So it was that between Origins and Gen Con in the summer of 1978, the switch was made to the new wizard logo, which would appear on the Players Handbook and the module series beginning with Descent into the Depths of the Earth. If we put it under a microscope, the wizard reveals a bit of detail, but it is iconic, easily recognizable from its outline alone, even when inverted -- and even when miniaturized down to fit the spine of a slender hardcover book to a size where text is practically illegible. The wizard would last TSR into the 1980s.



13 comments:

  1. Which version of the lizard logo served as the basis for the Grenadier TSR logo miniature, I wonder?

    Allan.

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    1. [img]https://photos.google.com/photo/AF1QipOqW2MG9erF3O3s6v1hakcxt4Bnipb6-2pmJ8km[/img] Ha, I see musculature...

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  2. That's a good question. I always assumed the Grenadier lizardmen minis were designed based on Trampier's Monster Manual illustration, but I do know that TSR created and sent some pieces of art specifically to Grenadier for use as model sheets.

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  3. Neat, I didn't know about that imposter Lizard Logo...!

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  4. My third print Holmes Box Set (May 1978) has the imposter Lizard Logo! It's on the boxed set covers (front and back), the rulebook (cover, title page and product listing in back) and the Monster & Treasure Assortment included within (code 9011, not sure printing), but the Geomorphs set has the Bell version.

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    1. I did see impostor lizardmen on the M&TA 1-3 (both yellow and purple), 4-6, and 7-9. Those should all have 90xx product codes. If you can find the F 100x coded ones, they should have a Bell lizardman, as does the cover of the F 1009 character sheets. The update seems spottier on the geomorphs, though, yeah.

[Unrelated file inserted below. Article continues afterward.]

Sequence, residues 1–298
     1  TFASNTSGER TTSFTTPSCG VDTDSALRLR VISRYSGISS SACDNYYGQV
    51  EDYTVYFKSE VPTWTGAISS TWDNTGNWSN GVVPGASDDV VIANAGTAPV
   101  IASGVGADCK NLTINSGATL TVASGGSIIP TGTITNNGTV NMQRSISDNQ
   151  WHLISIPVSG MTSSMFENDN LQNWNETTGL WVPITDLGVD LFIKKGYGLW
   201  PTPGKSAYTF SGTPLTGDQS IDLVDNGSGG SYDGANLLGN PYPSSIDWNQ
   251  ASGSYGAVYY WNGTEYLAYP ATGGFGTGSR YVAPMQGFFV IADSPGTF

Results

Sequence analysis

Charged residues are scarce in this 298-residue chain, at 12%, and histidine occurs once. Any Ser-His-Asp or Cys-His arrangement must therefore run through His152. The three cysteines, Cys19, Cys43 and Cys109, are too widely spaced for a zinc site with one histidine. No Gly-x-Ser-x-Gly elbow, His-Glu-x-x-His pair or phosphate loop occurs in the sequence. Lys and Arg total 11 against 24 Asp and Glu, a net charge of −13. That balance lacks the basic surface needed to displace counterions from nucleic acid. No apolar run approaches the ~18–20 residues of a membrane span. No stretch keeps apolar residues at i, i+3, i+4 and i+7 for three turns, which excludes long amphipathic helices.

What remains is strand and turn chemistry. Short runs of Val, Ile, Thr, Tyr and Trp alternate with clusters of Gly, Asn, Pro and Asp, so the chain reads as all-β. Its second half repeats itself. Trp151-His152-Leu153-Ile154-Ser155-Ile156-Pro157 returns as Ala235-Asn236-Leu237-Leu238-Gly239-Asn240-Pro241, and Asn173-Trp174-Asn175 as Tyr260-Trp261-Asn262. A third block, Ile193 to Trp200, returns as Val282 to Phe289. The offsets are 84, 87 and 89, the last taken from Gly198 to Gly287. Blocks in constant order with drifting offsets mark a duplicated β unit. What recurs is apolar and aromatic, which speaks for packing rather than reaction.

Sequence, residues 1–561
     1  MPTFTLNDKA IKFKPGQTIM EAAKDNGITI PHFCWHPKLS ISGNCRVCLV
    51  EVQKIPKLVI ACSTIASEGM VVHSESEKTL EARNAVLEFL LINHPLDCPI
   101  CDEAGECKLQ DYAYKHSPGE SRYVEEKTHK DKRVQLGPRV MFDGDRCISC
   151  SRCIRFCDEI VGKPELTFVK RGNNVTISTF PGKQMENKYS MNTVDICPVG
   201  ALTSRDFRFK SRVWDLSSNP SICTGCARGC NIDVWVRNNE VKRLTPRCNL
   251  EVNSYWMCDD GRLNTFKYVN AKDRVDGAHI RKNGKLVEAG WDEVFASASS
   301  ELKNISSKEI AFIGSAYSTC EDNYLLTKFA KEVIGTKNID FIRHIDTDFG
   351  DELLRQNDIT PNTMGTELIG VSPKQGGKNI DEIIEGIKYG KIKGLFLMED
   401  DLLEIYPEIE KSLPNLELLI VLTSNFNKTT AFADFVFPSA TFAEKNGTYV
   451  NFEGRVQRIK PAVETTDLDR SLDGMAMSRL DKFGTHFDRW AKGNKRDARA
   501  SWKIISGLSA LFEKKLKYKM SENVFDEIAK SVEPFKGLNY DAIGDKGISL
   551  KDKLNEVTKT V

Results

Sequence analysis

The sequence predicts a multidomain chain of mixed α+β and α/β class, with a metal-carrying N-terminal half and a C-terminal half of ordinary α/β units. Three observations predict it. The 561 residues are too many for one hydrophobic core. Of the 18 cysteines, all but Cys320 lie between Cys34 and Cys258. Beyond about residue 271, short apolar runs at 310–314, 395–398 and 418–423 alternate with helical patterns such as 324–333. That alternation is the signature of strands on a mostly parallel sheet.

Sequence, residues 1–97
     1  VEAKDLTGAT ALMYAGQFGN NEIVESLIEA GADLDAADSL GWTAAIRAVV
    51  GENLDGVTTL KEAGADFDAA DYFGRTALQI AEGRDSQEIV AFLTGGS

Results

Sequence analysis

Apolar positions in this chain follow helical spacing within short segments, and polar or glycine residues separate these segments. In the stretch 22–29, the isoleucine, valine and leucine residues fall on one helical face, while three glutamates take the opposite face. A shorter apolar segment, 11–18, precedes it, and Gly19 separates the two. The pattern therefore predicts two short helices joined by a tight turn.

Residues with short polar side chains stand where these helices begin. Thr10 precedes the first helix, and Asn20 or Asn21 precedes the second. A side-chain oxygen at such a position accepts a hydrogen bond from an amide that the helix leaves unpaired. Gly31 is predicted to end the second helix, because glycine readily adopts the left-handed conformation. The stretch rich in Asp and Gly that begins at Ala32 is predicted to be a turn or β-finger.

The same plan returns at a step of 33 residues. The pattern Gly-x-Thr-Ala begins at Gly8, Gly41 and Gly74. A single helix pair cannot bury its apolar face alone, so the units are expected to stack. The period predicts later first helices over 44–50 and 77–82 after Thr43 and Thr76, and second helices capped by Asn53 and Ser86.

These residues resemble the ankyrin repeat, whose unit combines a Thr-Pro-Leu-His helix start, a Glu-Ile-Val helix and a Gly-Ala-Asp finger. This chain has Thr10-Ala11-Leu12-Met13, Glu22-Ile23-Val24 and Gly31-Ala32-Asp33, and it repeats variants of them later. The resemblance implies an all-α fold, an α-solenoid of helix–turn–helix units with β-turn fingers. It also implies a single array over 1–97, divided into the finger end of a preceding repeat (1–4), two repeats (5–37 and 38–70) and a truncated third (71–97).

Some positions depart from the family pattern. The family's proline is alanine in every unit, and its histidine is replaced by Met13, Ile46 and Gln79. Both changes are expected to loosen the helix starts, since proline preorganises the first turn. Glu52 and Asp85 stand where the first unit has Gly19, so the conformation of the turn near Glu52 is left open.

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  5. Came across a 2009 comment by Tim Kask on DF recalling the re-draw by DCS --- "The Lizardman was by Greg Bell, originally used inside the front cover of Greyhawk. I think Gary may have had Dave re-do it, "cleaner", for the logo." Q&A with Tim Kask

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  6. I miss both lizard men. He has a kind of heraldic majesty that the Wizard lacks.

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    1. Agreed especially when we went to the comical "Morley" the Wizard.

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  7. I am responsible for the Wizard being the new logo at TSR. Dad called me up for a break from the shipping department or the Dungeon Hobby Shop I'm not sure which since the transition occurred late in 1977 early 78. Dad called me his office and said that we were expanding our horizons and that the Lizardman was too wargame oriented. I said that Cooty had the Criket and since we were a Fantasy company that we were the "Game Wizards." Dad told me to stay on the clock and to put my feet on the desk and have a Cognac and a Cigar. We spent two hours talking about the future of the company and my role someday in it. The next day though I reported to work as usual under the direction of Brian Blume my direct supervisor.